Blasts from the Past

This past October, Undersecretary of State for Arms Control and International Security Rose Gottemoeller visited several states where the United States conducted some of the 1,030 nuclear weapons test explosion before the end of nuclear weapons testing in September 1992.

Her mission: to speak about the enduring value of the 1996 Comprehensive Test Ban Treaty (CTBT)—which the United States was the first to sign but is still among the last few that has not yet ratified.

Undersecretary Gottemoeller’s tour did not begin and end in Nevada, where the United States conducted 921 nuclear test explosions, including 100 above-ground tests, beginning in 1951, and ending with the last U.S. nuclear test in September 1992.

Instead, Gottemoeller’s trip included stops in Alaska and Colorado—where the United States also conducted nuclear test explosions, and in Utah, which suffered from the downwind effects of atmospheric nuclear testing in Nevada—to deliver remarks on nuclear testing and the CTBT.

Between Oct. 19-30, Gottemoeller spoke across the country, in Fairbanks, Anchorage, Denver, Colorado Springs, Salt Lake City and Provo. Earlier this year she also announced she would travel to New Mexico and Mississippi, where the United States also conducted nuclear tests.

Alaska: The Largest Underground Test

On Oct. 19, Gottemoeller visited the University of Alaska at Fairbanks to deliver remarks on nuclear testing and the CTBT.

The Aleutian Island chain in Alaska was the site of three nuclear test blasts: the 80 kiloton Long Shot test on October 29, 1965, the 1 megaton Milrow test, on Oct. 2, 1969, and the nearly 5 megaton Cannikan on Nov. 6, 1971.

The Cannikin blast on Amchitka Island was the largest, and among the most controversial, underground nuclear test explosion in U.S. history. The detonation was designed to test a missile warhead for the "Safeguard Anti-Ballistic Missile system that was scrapped just four years later.

The Guardian reported at the time that “When President Nixon canvassed the opinion of seven Government agencies his own Office of Science and Technology pointed out that the test was of only marginal technical usefulness. Of the seven agencies canvassed only two, the US Atomic Energy Commission and the Department of Defence, expressed approval.”

The Cannikin bomb was detonated in a 50-foot diameter chamber at the bottom of a 6,000 foot deep shaft. The massive force of the explosion lifted the ground over a wide area just above the blast, as shown in this video.

In July 1971, the Committee for Nuclear Responsibility filed suit against the Atomic Energy Commission (AEC), petitioning the courts to stop the test. The case went to the Supreme Court, which denied the injunction by a vote of 4 to 3, opening the way for the test to go ahead.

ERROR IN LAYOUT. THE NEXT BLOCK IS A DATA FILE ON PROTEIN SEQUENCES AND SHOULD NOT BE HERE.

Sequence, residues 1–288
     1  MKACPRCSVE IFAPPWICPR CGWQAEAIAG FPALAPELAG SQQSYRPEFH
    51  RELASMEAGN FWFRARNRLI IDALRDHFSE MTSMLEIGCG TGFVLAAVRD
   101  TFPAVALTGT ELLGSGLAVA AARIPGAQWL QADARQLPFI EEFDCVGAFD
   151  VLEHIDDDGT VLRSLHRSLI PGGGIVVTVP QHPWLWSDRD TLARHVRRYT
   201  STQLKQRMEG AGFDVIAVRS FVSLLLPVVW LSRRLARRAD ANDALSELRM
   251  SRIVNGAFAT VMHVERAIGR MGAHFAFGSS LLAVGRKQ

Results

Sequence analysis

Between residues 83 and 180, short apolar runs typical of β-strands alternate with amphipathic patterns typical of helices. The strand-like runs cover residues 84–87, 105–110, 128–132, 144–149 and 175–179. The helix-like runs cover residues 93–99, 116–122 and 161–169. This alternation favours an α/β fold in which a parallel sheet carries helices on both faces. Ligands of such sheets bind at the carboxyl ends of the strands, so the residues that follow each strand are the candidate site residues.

Cannikin also triggered the very first Greenpeace voyage in 1971 from Vancouver, Canada in an attempt to stop the test from happening.

Today, concerns remain about the long-term risk of radioactive leakage from the Cannikan test and the site is the subject of ongoing research and monitoring for signs of contamination.

Colorado’s “Nuclear Fracking” Experiment

Part the United States nuclear weapons test program was designed to investigate so-called “peaceful” uses for nuclear explosions. Under the Operation Plowshare program, the United States detonated 35 “Peaceful Nuclear Explosions” (PNEs), which have, along with all other nuclear test explosions, been banned by the CTBT. Colorado was the site of two Ploughshares nuclear test explosions: the Rulison test outside of Grand Valley, and the Rio Blanco test near Rifle, on Sept. 10, 1969 and May 17, 1973, respectively.

The Colorado tests were a joint government and industry gas stimulation experiment to explore the possibility of using nuclear explosions to extract natural gas for commercial use. While the experiments were marginally successful in extracting the natural gas, the gas was too radioactive to be used or sold commercially. Rio Blanco was the last nuclear test in the Operation Plowshare program.

Photographer Kelly Michals’s online photo album below shows what the Rulison test site looks like today, and also includes historical pictures documenting the preparations for, the protests against, and the equipment and warhead used in the Rulison nuclear test.

Downwind Utah

Victims of geography, the prevailing winds, and Cold War secrecy, the people of southern Utah suffered from the 100 atmospheric nuclear weapon test explosions conducted at the Nevada Test Site, but information about the problem was suppressed for years. At first, local residents saw the testing in Nevada as necessary and safe. Then, as they began to feel the direct impacts of the fallout, attitudes began to change.

The 1953 Upshot-Knothole nuclear test series from March 17 until June 4 produced several high-fallout events that deposited radioactive debris on the downwind towns.

Ranchers reported burns on their animals' faces and lips where they had been eating radioactive grass, and large numbers of miscarriages. As many as a quarter of the herds in southern Utah and Nevada died. Concerned about possible adverse public reaction, the AEC issued a press release attributing the deaths to ''unprecedented cold weather.''

Ranchers and preliminary veterinary investigators suspected radiation poisoning. The AEC sent teams of radiation experts to examine ailing animals and reportedlyforced its scientists to rewrite their field reports and eliminate any references about radiation damage or effects.

By the mid-1950s, leukemia and other radiation-caused cancers appeared in residents of Utah, Arizona, and Nevada living in areas where nuclear fallout had occurred and the incidence of childhood leukemia rose in certain areas by the late-1950s.

In the late-1970s, Utah governor Scott Matheson helped raise public awareness on the effects of nuclear testing on downwinders in Utah. In a series of congressional hearings in 1979, he presented evidence of the adverse health effects of the tests and the AEC’s obfuscation. The efforts led to wider research on the effects of the test fallout nationwide.

In 1990 Congress approved and President George H. W. Bush signed into law the Radiation Exposure Compensation Act, which created a $100 million trust fund to compensate downwinders in certain areas who contracted certain radiation-related diseases.